Without proper planning, investment earnings can make your tax burden even heavier. For investors in the top marginal tax bracket, taxes can reduce an 8% annual return to as low as 4.5%. Over time, the lower return may lower the chance of achieving your financial goals
Investment earnings within IRAs, Roth IRAs, 401(k)s, annuities and 529 education accounts are not subject to current year taxes. Depending on the account, taxes are either deferred until qualified withdrawals begin or eliminated altogether.
Strategies for cutting taxes
Offset taxable gains with losses
Consider realizing investment losses before year-end to reduce capital gains taxes.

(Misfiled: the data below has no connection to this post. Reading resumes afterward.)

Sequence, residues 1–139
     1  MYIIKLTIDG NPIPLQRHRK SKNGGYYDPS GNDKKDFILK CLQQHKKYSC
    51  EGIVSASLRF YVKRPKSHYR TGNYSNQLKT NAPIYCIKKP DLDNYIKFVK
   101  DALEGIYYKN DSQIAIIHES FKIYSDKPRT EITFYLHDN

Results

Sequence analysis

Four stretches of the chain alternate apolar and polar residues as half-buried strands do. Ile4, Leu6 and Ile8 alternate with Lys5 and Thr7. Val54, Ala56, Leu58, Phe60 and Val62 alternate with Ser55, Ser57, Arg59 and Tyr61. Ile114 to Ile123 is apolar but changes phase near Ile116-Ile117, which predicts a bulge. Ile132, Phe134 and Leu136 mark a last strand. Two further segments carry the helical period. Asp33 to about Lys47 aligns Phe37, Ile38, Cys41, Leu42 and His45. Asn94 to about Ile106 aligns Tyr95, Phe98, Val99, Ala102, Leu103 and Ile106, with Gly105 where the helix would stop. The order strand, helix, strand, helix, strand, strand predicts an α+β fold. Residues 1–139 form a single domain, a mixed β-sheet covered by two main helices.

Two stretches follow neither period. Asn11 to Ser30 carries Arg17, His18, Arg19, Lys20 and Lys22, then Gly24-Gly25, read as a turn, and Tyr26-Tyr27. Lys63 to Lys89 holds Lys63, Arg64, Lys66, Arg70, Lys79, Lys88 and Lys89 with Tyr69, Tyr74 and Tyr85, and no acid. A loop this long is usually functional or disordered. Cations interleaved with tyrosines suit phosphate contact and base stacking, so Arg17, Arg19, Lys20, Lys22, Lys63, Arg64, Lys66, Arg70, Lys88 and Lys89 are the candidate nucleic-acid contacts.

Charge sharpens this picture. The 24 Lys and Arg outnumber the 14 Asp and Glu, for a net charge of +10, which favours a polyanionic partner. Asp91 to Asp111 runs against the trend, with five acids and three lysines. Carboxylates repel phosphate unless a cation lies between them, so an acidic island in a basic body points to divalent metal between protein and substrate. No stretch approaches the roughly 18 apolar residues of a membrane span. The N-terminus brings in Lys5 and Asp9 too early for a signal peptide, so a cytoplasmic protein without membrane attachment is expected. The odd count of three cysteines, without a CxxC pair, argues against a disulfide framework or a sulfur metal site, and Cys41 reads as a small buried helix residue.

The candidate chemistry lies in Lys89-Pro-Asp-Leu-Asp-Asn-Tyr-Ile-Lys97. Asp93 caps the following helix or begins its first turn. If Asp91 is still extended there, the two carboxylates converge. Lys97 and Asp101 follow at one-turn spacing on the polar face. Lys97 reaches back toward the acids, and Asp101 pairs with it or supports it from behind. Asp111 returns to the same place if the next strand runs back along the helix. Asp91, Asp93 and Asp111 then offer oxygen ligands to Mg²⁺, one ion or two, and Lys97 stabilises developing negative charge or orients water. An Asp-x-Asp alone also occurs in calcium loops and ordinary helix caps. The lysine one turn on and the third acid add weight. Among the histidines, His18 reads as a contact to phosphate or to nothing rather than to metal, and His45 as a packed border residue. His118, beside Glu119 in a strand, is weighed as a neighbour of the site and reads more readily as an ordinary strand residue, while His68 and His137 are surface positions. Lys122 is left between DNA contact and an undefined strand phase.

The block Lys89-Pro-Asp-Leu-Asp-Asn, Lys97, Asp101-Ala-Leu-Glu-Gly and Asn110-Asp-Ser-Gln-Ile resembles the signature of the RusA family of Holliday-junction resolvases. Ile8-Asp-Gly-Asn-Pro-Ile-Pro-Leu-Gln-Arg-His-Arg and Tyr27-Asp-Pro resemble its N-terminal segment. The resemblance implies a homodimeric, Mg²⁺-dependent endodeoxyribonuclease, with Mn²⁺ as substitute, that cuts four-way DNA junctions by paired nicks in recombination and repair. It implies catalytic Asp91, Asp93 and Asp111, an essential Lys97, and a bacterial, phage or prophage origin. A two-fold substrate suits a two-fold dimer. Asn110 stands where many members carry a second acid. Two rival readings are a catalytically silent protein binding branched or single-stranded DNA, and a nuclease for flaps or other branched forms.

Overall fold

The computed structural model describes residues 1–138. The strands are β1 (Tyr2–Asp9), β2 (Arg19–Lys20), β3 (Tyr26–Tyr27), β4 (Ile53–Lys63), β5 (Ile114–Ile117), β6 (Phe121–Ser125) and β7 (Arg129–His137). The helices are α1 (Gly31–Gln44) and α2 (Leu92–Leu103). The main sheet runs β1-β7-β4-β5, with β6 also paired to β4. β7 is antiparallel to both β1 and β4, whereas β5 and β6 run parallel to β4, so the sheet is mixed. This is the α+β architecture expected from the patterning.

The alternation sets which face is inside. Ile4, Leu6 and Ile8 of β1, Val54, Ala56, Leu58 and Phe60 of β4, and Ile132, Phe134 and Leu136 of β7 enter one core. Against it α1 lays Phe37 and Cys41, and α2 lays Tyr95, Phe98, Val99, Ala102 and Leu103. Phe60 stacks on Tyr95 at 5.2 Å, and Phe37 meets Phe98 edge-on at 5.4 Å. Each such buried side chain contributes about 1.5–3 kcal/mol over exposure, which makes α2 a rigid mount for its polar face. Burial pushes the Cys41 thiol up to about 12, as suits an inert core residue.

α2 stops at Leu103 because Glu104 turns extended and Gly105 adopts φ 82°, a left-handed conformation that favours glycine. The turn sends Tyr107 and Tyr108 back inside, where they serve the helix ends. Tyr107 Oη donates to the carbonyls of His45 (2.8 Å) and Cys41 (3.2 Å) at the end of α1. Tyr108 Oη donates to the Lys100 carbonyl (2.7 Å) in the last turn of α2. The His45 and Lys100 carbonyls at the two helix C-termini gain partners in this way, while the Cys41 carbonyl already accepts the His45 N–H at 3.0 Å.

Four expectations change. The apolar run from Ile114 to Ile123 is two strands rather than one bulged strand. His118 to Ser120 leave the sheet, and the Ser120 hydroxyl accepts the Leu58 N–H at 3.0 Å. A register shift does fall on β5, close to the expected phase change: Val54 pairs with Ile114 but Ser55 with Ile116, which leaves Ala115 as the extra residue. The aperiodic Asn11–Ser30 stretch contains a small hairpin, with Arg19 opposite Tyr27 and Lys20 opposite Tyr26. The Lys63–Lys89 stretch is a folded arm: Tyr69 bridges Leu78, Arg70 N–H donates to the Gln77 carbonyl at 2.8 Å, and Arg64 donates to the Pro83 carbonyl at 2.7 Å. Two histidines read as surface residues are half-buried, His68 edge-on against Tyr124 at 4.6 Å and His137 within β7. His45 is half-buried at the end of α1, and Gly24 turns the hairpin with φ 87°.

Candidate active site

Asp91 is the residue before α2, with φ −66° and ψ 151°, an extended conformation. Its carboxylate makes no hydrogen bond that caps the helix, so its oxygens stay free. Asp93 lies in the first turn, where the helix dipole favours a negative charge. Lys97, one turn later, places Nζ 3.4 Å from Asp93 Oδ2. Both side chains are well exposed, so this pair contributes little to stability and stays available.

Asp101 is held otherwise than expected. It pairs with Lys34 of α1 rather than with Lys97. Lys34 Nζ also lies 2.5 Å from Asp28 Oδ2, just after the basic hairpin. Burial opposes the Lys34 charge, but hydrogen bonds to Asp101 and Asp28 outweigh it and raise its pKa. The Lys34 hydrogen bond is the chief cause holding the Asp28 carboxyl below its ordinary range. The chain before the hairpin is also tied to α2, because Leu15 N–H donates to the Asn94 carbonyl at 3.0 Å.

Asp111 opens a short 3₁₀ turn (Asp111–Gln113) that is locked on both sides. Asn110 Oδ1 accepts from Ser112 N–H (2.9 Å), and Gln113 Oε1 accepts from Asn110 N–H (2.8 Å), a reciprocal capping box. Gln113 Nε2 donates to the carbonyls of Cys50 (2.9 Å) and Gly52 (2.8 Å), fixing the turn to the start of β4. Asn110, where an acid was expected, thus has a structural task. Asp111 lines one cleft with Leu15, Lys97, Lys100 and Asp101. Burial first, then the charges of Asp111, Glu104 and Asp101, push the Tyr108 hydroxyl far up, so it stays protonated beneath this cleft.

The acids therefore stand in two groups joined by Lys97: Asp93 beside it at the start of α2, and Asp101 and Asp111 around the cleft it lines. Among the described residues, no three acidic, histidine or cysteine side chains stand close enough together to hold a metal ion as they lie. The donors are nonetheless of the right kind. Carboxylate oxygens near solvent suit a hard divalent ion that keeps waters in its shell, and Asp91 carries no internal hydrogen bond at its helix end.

Donate and deduct
When donating an investment to charity, you can generally take a tax deduction for the full market value, meaning you avoid capital gains taxes on any appreciation.
Consider tax-free municipal bond funds
Interest income from municipal bonds is not typically taxed by the federal government or state in which a bond is issued.
Invest for dividends
While interest income is taxed at rates as high as 40.8% (37% tax rate plus 3.8% Medicare surtax), taxes on qualified dividends top out at just 23.8% (20% maximum rate plus 3.8% surtax).
Maximize tax-advantaged accounts
Contribute as much as possible to tax-advantaged accounts for retirement or education. If you're 50 or older, you can make additional catch-up contributions to IRAs.
Invest for the long term
Investments sold at a profit after more than one year qualify for favorable tax rates as long-term capital gains.
Consult a CFP professional
A CFP professional will create a financial plan and show you how tax planning can make a difference.